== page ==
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Healing Haunted Histories

September 25, 2022
Rev. Dr. Russ Daye
16th after Pentecost
1 Kings 21.1-21

There was an incident involving a vineyard belonging to Naboth the Jezreelite.  The vineyard was in Jezreel, close to the palace of Ahab king of Samaria.  Ahab said to Naboth, “Let me have your vineyard to use for a vegetable garden, since it is close to my palace.  In exchange I will give you a better vineyard or, if you prefer, I will pay you whatever it is worth.”

But Naboth replied, “The Lord forbid that I should give you the inheritance of my ancestors.”

So Ahab went home, sullen and angry because Naboth the Jezreelite had said, “I will not give you the inheritance of my ancestors.”  He lay on his bed sulking and refused to eat.

His wife Jezebel came in and asked him, “Why are you so sullen? Why won’t you eat?”

He answered her, “Because I said to Naboth the Jezreelite, ‘Sell me your vineyard; or if you prefer, I will give you another vineyard in its place.’  But he said, ‘I will not give you my vineyard.’”

Jezebel his wife said, “Is this how you act as king over Israel?  Get up and eat!  Cheer up.  I’ll get you the vineyard of Naboth the Jezreelite.”

So she wrote letters in Ahab’s name, placed his seal on them, and sent them to the elders and nobles who lived in Naboth’s city with him.  In those letters she wrote:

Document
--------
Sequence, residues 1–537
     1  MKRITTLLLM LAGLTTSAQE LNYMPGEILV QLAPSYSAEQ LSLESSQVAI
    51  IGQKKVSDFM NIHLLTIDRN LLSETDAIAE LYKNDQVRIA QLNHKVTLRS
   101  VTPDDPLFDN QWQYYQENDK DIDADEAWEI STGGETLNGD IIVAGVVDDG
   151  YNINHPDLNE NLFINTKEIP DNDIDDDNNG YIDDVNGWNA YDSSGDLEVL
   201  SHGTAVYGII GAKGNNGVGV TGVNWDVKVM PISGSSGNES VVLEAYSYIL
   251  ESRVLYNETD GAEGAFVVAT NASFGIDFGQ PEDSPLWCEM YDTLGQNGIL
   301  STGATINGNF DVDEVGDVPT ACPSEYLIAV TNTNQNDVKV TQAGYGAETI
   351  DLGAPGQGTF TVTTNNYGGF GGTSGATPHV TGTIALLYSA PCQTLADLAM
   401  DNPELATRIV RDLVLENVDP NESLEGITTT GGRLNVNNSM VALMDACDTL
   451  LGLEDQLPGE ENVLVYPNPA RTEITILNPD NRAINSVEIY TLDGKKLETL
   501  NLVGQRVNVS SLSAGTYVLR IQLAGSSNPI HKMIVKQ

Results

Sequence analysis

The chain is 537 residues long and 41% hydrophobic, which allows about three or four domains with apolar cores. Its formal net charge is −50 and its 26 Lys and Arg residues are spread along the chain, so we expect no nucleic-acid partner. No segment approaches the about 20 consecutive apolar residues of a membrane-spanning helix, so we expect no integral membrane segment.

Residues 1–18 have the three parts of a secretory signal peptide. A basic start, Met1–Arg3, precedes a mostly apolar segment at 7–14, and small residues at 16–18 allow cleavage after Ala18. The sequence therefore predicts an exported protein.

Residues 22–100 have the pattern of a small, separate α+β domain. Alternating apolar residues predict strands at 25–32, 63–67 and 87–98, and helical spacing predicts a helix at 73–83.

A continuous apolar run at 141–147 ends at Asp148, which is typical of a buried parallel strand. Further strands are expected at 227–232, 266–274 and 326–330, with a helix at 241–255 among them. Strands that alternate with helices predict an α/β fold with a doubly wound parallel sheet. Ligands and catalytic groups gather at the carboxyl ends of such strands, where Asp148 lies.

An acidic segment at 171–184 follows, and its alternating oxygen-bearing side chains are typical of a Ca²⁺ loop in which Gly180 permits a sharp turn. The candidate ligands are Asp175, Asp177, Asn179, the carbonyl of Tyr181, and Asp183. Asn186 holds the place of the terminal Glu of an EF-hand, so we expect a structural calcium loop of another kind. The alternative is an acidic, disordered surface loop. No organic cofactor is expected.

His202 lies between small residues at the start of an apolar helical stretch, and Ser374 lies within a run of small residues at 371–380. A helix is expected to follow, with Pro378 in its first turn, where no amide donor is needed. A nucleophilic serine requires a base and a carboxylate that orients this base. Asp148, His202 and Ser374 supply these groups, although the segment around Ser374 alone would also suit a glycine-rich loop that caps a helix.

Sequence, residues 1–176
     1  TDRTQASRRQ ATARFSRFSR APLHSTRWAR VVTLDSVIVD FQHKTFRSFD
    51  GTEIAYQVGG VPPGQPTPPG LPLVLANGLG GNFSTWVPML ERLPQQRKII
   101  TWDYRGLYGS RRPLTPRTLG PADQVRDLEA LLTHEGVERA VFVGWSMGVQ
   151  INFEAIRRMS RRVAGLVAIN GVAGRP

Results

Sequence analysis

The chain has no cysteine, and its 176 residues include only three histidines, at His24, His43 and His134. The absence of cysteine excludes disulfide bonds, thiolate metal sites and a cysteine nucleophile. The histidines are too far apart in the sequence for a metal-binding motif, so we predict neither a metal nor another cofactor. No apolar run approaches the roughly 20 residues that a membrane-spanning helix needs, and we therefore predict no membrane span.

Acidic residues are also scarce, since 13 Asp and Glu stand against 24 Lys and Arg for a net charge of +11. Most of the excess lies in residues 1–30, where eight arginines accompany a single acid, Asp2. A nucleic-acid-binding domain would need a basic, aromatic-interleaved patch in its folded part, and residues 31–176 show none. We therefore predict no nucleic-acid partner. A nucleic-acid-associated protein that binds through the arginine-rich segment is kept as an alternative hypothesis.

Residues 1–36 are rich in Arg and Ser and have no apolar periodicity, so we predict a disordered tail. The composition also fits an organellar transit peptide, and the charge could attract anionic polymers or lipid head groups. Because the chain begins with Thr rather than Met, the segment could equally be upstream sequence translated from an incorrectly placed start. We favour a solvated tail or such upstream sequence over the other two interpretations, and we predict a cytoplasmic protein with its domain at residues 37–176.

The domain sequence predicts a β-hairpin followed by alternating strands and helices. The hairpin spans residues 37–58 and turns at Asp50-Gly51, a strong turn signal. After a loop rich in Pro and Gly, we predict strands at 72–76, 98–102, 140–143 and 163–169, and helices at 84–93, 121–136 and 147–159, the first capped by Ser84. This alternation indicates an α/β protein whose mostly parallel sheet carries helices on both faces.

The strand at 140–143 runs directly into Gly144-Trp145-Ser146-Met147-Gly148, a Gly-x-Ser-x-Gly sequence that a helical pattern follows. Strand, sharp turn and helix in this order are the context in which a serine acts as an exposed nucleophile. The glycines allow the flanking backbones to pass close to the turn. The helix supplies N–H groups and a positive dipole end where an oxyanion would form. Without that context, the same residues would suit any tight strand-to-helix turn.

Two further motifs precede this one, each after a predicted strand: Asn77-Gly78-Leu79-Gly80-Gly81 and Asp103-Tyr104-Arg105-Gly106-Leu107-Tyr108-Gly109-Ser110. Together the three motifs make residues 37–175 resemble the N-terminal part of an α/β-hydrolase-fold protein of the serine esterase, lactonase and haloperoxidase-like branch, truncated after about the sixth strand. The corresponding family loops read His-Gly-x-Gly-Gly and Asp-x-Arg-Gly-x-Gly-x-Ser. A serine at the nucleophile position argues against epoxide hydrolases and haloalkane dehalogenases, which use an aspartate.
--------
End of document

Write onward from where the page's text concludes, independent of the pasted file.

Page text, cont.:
“Proclaim a day of fasting and seat Naboth in a prominent place among the people.  But seat two scoundrels opposite him and have them bring charges that he has cursed both God and the king. Then take him out and stone him to death.”

So the elders and nobles who lived in Naboth’s city did as Jezebel directed in the letters she had written to them.  They proclaimed a fast and seated Naboth in a prominent place among the people.  Then two scoundrels came and sat opposite him and brought charges against Naboth before the people, saying, “Naboth has cursed both God and the king.”  So they took him outside the city and stoned him to death.  Then they sent word to Jezebel: “Naboth has been stoned to death.”

As soon as Jezebel heard that Naboth had been stoned to death, she said to Ahab, “Get up and take possession of the vineyard of Naboth the Jezreelite that he refused to sell you.  He is no longer alive, but dead.”  When Ahab heard that Naboth was dead, he got up and went down to take possession of Naboth’s vineyard.

Then the word of the Lord came to Elijah the Tishbite:  “Go down to meet Ahab king of Israel, who rules in Samaria.  He is now in Naboth’s vineyard, where he has gone to take possession of it.  Say to him, ‘This is what the Lord says: Have you not murdered a man and seized his property?’  Then say to him, ‘This is what the Lord says: In the place where dogs licked up Naboth’s blood, dogs will lick up your blood—yes, yours!’”

Ahab said to Elijah, “So you have found me, my enemy!”

“I have found you,” he answered, “because you have sold yourself to do evil in the eyes of the Lord.  He says, ‘I am going to bring disaster on you.  I will wipe out your descendants and cut off from Ahab every last male in Israel—slave or free.”

Luke 11.24-28

“When an impure spirit comes out of a person, it goes through arid places seeking rest and does not find it.  Then it says, ‘I will return to the house I left.’  When it arrives, it finds the house swept clean and put in order.  Then it goes and takes seven other spirits more wicked than itself, and they go in and live there.  And the final condition of that person is worse than the first.”

As Jesus was saying these things, a woman in the crowd called out, “Blessed is the mother who gave you birth and nursed you.”

He replied, “Blessed rather are those who hear the word of God and obey it.”